Each time I drive to or from my daughter's house I pass a shop selling wedding dresses. A flash of white catches my attention for no more than a second and causes no thought. That said, tonight I gave wedding dresses a bit of thought. I decided that they are like snow flakes, no two of which are supposed to be the same. I have the impression that every wedding dress is like every other wedding dress. Sure, I can tell the difference between strapless and sleeved, laced and solid, etc. But, like a snowflake, a wedding dress enjoys a fleeting moment...and then disappears, except in the memory of beholders, if at all.
Now, how's that for a bit of worthless insight into nothing?
It's entertaining to watch the run-up to my daughter's wedding. Various characters are acting as expected...or differently.
Growing up, my daughter was never interested in expensive fashion (fortunately for me); unlike her brother, who was always enthralled by brands. She even liked Payless shoes as a teenager! Now, she has discovered brands (fortunately for me, she has a boyfriend/future husband to support the habit) and a fashion sense. This is exacerbated by magazines with photos of weddings and bridal accessories. As I mentioned above, it is entertaining to watch and listen.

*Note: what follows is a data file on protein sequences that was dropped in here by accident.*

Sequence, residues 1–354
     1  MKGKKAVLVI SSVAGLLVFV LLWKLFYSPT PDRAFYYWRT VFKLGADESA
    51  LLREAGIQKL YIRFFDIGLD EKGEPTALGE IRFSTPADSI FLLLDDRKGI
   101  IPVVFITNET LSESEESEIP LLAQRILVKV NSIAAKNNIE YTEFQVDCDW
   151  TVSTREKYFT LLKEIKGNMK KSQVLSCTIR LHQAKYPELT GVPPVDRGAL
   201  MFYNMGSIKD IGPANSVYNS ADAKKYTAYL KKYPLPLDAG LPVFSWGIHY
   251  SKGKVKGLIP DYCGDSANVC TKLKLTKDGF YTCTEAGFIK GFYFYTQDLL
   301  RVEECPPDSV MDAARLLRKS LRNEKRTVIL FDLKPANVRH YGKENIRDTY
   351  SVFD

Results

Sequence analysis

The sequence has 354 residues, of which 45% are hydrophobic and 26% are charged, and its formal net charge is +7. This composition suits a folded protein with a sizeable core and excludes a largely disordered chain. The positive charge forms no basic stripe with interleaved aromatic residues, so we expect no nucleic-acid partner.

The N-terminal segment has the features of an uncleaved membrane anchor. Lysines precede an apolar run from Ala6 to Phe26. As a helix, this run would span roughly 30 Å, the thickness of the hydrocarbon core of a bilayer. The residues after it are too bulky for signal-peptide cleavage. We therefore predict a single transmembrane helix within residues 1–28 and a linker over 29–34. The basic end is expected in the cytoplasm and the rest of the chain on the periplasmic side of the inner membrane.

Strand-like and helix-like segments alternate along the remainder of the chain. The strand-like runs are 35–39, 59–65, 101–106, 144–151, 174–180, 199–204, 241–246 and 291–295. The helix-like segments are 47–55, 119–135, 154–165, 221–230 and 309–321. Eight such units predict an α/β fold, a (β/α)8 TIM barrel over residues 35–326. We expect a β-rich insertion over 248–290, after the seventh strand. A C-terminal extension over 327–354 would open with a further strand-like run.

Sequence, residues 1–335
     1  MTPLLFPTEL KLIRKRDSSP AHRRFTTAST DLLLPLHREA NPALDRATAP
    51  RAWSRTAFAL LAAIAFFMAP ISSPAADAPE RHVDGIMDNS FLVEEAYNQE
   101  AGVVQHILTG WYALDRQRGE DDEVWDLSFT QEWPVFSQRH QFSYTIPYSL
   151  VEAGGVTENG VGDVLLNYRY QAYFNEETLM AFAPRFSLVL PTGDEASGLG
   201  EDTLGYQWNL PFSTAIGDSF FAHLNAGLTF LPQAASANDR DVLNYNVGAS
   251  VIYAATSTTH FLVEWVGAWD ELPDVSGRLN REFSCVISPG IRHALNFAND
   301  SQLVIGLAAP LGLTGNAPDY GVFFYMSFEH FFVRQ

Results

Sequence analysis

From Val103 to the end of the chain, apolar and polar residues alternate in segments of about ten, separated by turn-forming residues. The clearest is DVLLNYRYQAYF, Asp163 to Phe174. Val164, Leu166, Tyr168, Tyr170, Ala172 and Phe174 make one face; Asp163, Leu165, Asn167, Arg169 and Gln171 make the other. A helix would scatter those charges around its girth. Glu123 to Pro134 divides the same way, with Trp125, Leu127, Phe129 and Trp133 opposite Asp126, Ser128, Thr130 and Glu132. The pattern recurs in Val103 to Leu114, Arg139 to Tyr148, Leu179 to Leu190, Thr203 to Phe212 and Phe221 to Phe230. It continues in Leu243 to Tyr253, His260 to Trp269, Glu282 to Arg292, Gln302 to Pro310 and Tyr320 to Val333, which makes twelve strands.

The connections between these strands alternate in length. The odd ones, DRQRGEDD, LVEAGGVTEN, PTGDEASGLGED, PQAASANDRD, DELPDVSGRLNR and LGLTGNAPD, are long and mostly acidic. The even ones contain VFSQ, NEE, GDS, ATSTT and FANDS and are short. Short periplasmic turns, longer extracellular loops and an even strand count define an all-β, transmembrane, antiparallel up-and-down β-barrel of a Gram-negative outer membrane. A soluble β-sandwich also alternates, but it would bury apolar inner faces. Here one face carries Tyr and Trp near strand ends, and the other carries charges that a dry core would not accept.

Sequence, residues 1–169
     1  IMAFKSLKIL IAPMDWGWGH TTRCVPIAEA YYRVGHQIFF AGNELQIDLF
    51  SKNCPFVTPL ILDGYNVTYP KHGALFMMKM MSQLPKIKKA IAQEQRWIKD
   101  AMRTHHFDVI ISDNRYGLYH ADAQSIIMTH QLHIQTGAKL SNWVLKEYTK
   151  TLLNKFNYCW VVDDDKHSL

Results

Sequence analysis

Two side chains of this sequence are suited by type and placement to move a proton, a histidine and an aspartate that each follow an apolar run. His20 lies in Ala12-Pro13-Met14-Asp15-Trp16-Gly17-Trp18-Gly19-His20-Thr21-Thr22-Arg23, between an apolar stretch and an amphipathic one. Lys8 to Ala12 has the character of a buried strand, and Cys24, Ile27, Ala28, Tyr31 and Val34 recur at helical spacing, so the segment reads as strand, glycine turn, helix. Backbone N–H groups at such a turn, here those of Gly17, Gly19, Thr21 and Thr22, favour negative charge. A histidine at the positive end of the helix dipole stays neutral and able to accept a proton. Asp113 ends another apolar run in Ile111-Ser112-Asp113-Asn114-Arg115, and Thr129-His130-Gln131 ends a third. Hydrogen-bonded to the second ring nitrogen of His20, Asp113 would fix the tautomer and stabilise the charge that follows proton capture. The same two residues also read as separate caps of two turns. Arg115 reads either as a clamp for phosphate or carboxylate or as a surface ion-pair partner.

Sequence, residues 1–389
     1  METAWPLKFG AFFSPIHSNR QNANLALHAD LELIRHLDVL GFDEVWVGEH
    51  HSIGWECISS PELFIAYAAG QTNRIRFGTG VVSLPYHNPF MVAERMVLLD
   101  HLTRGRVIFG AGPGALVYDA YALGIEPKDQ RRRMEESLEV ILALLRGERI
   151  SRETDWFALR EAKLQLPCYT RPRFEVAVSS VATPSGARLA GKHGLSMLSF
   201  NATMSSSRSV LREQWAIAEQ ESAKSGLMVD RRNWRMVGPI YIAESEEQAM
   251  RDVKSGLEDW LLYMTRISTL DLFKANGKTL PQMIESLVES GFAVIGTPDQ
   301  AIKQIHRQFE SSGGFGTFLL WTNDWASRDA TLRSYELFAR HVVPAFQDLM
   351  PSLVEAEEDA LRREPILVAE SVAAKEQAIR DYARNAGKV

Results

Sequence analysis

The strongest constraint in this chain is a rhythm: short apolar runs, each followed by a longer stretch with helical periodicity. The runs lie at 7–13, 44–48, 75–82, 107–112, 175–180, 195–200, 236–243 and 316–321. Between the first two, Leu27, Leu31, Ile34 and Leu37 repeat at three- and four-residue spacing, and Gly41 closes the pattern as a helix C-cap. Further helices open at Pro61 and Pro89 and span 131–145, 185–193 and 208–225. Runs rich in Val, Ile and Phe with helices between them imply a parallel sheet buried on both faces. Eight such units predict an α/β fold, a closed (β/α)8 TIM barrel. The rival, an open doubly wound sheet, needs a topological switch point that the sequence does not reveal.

As Kipling once wrote, "the female is the most vicious of the species", which seems to raise its ugly head around weddings. Mother and daughter have never competed, but now there are rumblings of sartorial competition at the official civil ceremony, which requires a special wardrobe, and the celebration, which requires formal attire and a big, white dress. For some reason, I have this image in my mind of a referee...
Men have it easier: an old suit for the civil ceremony and a tux for the wedding. In honor of the special occasion, I have invested in a new cummerbund. It's the least I could do for my only daughter's wedding...
Prior to writing novels, the author enjoyed a multifaceted career: from decorated combat aviator to advertising professional to global communications director of a major consumer brand. He has traveled the world and met sports, film and television stars, political leaders, and royalty. He graduated from Middlebury College, is married, lives in Germany, and has two grown children.